George F. Will: Batter up!
1. Hit the most home runs in the 1960s.
2. In 2011, joined Hank Aaron, Brooks Robinson and Pete Rose as the only players to appear in at least 140 games for 16 consecutive seasons.
3. Had the most hits in the 1950s.
4. Played for the Boston Braves, Milwaukee Braves and Atlanta Braves.
5. Had the most hits in the 1990s.
6. Had the most hits in the 1940s.
7. Holds the career record for grounding into double plays.
8. Hit .322 with 42 homers and 129 RBIs in 1970 and .333 with 37 homers and 122 RBIs in 1972, but finished second to Johnny Bench in MVP voting both years.
9. Pitched the most wins in the 1960s.
10. Has the most career hits without winning a batting title.
11. Led the majors in total bases in the 1980s, ahead of Hall of Famers Mike Schmidt, Eddie Murray, Robin Yount and Andre Dawson.
12. Is the only pitcher to hurl a shutout in four decades.
13. Only once in a 22-year career - in his last season, when he was 42 - struck out three times in a game.
14. Allowed the fewest hits per nine innings in a career.
15. Started more World Series games than any other pitcher.
16. Is the only catcher to lead a league in triples.
17. Turned an unassisted triple play in a World Series.
18. Played more than 500 games each at catcher, first and third base.
19. Has the highest single season batting average since 1901.
20. Led American League pitchers in wins in the 1960s.
21. Has 283 wins (more than 40 Hall of Fame pitchers) and 16 Gold Gloves but is not in Cooperstown.
22. Played the most games of anyone whose entire career was with one team.
23. Was the only player to win the Cy Young Award after being traded in midseason.
24. Led their three respective teams in career singles, doubles, triples and home runs.
25. Was the only lefthander since 1900 to win at least 350 games.
26. Won an American League batting title without hitting a home run.
27. Had the best career pitching record against the Yankees.
28. Leads all third basemen in combined hits and walks.
29. Is the last pitcher to win at least 20 games in four consecutive seasons.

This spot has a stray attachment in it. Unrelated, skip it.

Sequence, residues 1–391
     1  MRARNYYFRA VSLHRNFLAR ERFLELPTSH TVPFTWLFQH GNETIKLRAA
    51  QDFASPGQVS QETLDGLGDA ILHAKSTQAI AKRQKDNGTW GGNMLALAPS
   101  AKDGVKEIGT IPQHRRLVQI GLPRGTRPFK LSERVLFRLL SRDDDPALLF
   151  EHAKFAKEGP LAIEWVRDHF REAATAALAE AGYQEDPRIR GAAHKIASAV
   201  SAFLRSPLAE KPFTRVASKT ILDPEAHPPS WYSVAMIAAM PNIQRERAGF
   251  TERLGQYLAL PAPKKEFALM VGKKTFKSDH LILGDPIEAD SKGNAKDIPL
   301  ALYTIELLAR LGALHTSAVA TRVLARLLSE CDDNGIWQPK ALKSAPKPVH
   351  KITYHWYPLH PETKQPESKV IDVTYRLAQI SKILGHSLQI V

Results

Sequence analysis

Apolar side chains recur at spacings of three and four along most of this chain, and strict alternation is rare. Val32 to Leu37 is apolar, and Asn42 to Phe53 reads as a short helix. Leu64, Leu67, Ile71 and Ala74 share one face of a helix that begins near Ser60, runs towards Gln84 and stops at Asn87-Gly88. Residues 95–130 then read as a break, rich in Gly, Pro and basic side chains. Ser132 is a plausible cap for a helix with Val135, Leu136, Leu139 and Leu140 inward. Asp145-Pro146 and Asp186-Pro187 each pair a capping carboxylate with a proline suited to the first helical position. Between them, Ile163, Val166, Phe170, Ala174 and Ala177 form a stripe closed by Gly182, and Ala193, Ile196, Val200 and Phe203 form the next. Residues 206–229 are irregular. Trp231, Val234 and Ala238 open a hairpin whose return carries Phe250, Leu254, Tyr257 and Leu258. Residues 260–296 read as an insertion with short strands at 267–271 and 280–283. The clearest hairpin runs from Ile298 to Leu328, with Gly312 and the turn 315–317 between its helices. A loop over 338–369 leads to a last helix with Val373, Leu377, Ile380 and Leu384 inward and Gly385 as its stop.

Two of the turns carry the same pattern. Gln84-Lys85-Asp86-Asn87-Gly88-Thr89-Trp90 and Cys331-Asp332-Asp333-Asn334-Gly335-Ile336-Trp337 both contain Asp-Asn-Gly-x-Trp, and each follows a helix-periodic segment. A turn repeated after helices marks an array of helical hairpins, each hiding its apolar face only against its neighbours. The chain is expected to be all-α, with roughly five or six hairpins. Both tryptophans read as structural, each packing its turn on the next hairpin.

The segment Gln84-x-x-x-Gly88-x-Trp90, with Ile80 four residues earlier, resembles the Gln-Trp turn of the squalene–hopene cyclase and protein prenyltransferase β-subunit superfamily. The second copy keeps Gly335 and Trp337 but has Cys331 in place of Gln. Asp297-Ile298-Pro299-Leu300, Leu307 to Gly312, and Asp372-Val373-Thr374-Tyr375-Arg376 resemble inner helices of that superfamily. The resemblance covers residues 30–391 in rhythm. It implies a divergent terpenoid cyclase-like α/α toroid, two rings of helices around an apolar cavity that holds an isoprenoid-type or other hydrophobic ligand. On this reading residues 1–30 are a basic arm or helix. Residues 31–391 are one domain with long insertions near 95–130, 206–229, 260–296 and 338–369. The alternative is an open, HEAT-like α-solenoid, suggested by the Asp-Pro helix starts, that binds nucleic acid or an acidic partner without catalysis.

30. Pitched three Braves wins over the Yankees in the 1957 seven-game World Series.
31. Pitched three Tigers wins over the Cardinals in the 1968 seven-game Series.
32. Pitched three Giants wins over the Athletics in the five-game 1905 Series.
33. Pitched a record 24 consecutive wins.
34. Holds the National League career record for grand slam home runs.
35. Has appeared in more games than any other pitcher.
36. Had a career batting average of .356 but never won a batting title.
37. Got at least 100 extra-base hits in two consecutive seasons.
38. Won Rookie of the Year, MVP and Cy Young awards (not in the same season).
39. Pitched the most consecutive strikeouts in one game.
40. Hit his last three home runs in one game.
41. Before David Freese did it in Game 6 of last year's World Series, were the only two players to hit an extra-inning walk-off home run when facing elimination.
42. Was hitting .394 when the players' strike ended the 1994 season on Aug. 12.
43. Said, 'It beats rooming with Joe Page.'
(1) Harmon Killebrew. (2) Johnny Damon. (3) Richie Ashburn. (4) Eddie Mathews. (5) Mark Grace. (6) Lou Boudreau. (7) Cal Ripken. (8) Billy Williams. (9) Juan Marichal. (10) Paul Molitor. (11) Dale Murphy.
(12) Jamie Moyer. (13) Stan Musial. (14) Nolan Ryan. (15) Whitey Ford. (16) Tim McCarver. (17) Bill Wambsganss, Indians, 1920. (18) Joe Torre. (19) Napoleon Lajoie, .426 in 1901. (20) Jim Kaat. (21) Kaat. (22) Carl Yastrzemski.
(23) Rick Sutcliffe. (24) Musial (Cardinals), George Brett (Royals), Robin Yount (Brewers). (25) Warren Spahn. (26) Rod Carew. (27) Babe Ruth, 17-5, .773. (28) Wade Boggs. (29) Dave Stewart. (30) Lew Burdette. (31) Mickey Lolich. (32) Christy Mathewson. (33) Carl Hubbell.
(34) Willie McCovey, 18. (35) Jesse Orosco. (36) 'Shoeless' Joe Jackson. (37) Todd Helton. (38) Don Newcombe and Justin Verlander. (39) Tom Seaver, 10. (40) Ruth. (41) Carlton Fisk, 1975, Red Sox, and Kirby Puckett, 1991, Twins. (42) Tony Gwynn. (43) Joe DiMaggio, about being married to Marilyn Monroe.
George Will is a commentator for ABC News and columnist for Newsweek in Washington, D.C.